Polish Army prosecutor shoots himself over work
Warsaw: A military prosecutor in western Poland shot himself in the head Monday after defending the work of his office and rejecting planned reforms, officials and media said Monday.
Col. Mikolaj Przybyl survived the shooting that happened inside his office in the city of Poznan, minutes after he read a statement to reporters and then asked them to briefly get out.
Przybyl is a deputy head of the prosecutor's office in Poznan and the head of a local department investigating organized crime in the army.
A footage broadcast by TVN24 station, whose camera was left rolling after reporters left, shows Przybyl walking across his office and out of sight before a gunshot can be heard.
Hospital director Leslaw Lenartowicz said Przybyl is in stable condition, conscious, and his life is not in danger. Przybyl suffered injuries to the face, he said.
Chief Military Prosecutor, Krzysztof Parulski said that Przybyl was one of the "best prosecutors" and a "man of honor."
President Bronislaw Komorowski and Justice Minister Jaroslaw Gowin were closely monitoring an investigation into the shooting, their offices said.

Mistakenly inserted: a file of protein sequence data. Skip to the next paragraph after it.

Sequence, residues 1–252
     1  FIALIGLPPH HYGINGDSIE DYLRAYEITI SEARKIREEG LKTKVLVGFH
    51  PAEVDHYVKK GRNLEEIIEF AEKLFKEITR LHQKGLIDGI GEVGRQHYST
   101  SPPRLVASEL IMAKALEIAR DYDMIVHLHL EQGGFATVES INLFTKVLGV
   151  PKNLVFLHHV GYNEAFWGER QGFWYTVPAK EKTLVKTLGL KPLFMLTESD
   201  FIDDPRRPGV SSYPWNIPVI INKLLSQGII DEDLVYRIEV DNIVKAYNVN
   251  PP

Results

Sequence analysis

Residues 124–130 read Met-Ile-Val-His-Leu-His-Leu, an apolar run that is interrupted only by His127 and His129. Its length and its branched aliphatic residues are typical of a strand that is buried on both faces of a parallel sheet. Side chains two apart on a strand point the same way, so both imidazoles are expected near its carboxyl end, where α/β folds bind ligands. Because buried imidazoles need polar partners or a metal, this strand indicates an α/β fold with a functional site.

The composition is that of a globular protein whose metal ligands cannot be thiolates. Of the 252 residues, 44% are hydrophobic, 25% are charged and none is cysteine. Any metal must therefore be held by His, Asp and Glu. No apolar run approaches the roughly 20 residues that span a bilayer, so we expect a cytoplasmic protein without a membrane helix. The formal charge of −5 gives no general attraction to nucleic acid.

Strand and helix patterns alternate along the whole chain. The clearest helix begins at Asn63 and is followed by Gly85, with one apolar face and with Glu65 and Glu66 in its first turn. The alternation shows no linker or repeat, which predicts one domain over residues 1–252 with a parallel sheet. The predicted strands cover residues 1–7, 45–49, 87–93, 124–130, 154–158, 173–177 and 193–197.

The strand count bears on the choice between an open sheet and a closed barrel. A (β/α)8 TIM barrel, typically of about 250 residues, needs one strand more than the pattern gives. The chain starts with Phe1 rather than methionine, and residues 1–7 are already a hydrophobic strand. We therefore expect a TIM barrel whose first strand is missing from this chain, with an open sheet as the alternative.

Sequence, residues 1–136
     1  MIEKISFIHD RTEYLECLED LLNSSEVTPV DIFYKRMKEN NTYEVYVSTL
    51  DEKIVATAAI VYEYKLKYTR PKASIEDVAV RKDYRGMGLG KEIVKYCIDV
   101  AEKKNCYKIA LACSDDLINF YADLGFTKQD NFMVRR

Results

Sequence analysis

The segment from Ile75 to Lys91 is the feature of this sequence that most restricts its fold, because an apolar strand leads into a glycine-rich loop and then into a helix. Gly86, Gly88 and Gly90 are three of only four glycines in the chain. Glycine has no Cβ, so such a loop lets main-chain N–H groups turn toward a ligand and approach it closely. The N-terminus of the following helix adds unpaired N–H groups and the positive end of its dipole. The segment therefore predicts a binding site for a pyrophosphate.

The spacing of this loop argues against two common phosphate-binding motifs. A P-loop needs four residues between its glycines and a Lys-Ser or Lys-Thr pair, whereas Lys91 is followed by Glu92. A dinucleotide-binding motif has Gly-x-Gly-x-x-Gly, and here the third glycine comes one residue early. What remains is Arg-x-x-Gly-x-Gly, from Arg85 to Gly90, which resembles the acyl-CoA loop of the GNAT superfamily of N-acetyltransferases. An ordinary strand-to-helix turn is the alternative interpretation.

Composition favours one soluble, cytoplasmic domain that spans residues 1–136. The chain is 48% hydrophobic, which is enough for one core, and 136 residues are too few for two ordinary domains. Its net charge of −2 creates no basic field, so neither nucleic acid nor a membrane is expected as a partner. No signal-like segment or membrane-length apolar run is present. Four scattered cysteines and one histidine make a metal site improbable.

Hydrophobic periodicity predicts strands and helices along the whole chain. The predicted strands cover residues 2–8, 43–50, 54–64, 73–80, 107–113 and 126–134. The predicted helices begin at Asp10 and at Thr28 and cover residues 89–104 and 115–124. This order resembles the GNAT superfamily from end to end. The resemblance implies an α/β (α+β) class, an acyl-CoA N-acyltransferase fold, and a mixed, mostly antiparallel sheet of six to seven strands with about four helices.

Some lawmakers are calling for a special parliament probe into the case, saying that Przybyl's statement suggests a massive corruption problem in the army.
Moments before shooting himself, Przybyl read a statement to reporters in which he objected to plans by Prosecutor General Andrzej Seremet to put military prosecutors under civilian authority. Seremet said that such a decision was under discussion, but has not been made yet.
Przybyl also said that military prosecutors were proving themselves competent in the many probes that they have opened into organized crime cases inside the army. The probes primarily concern suspicions of corruption in buying equipment for Poland's troops on missions in Afghanistan and, earlier, in Iraq.
Przybyl denied media suggestions that the military prosecutors broke the law while investigating the 2010 crash of the presidential plane in Russia when President Lech Kaczynski and 95 others were killed. The media have reported that the prosecutors had unlawfully sought billing lists and text message content of mobile phones of some reporters to determine the source of leaks to the media.
Seremet and Parulski denied that prosecutors were eavesdropping on reporters. Seremet defended the investigators' right to see billing lists — but not the text messages — if vital for a probe. He said a court is to decide whether the prosecutors were entitled to seek reporters' billing lists.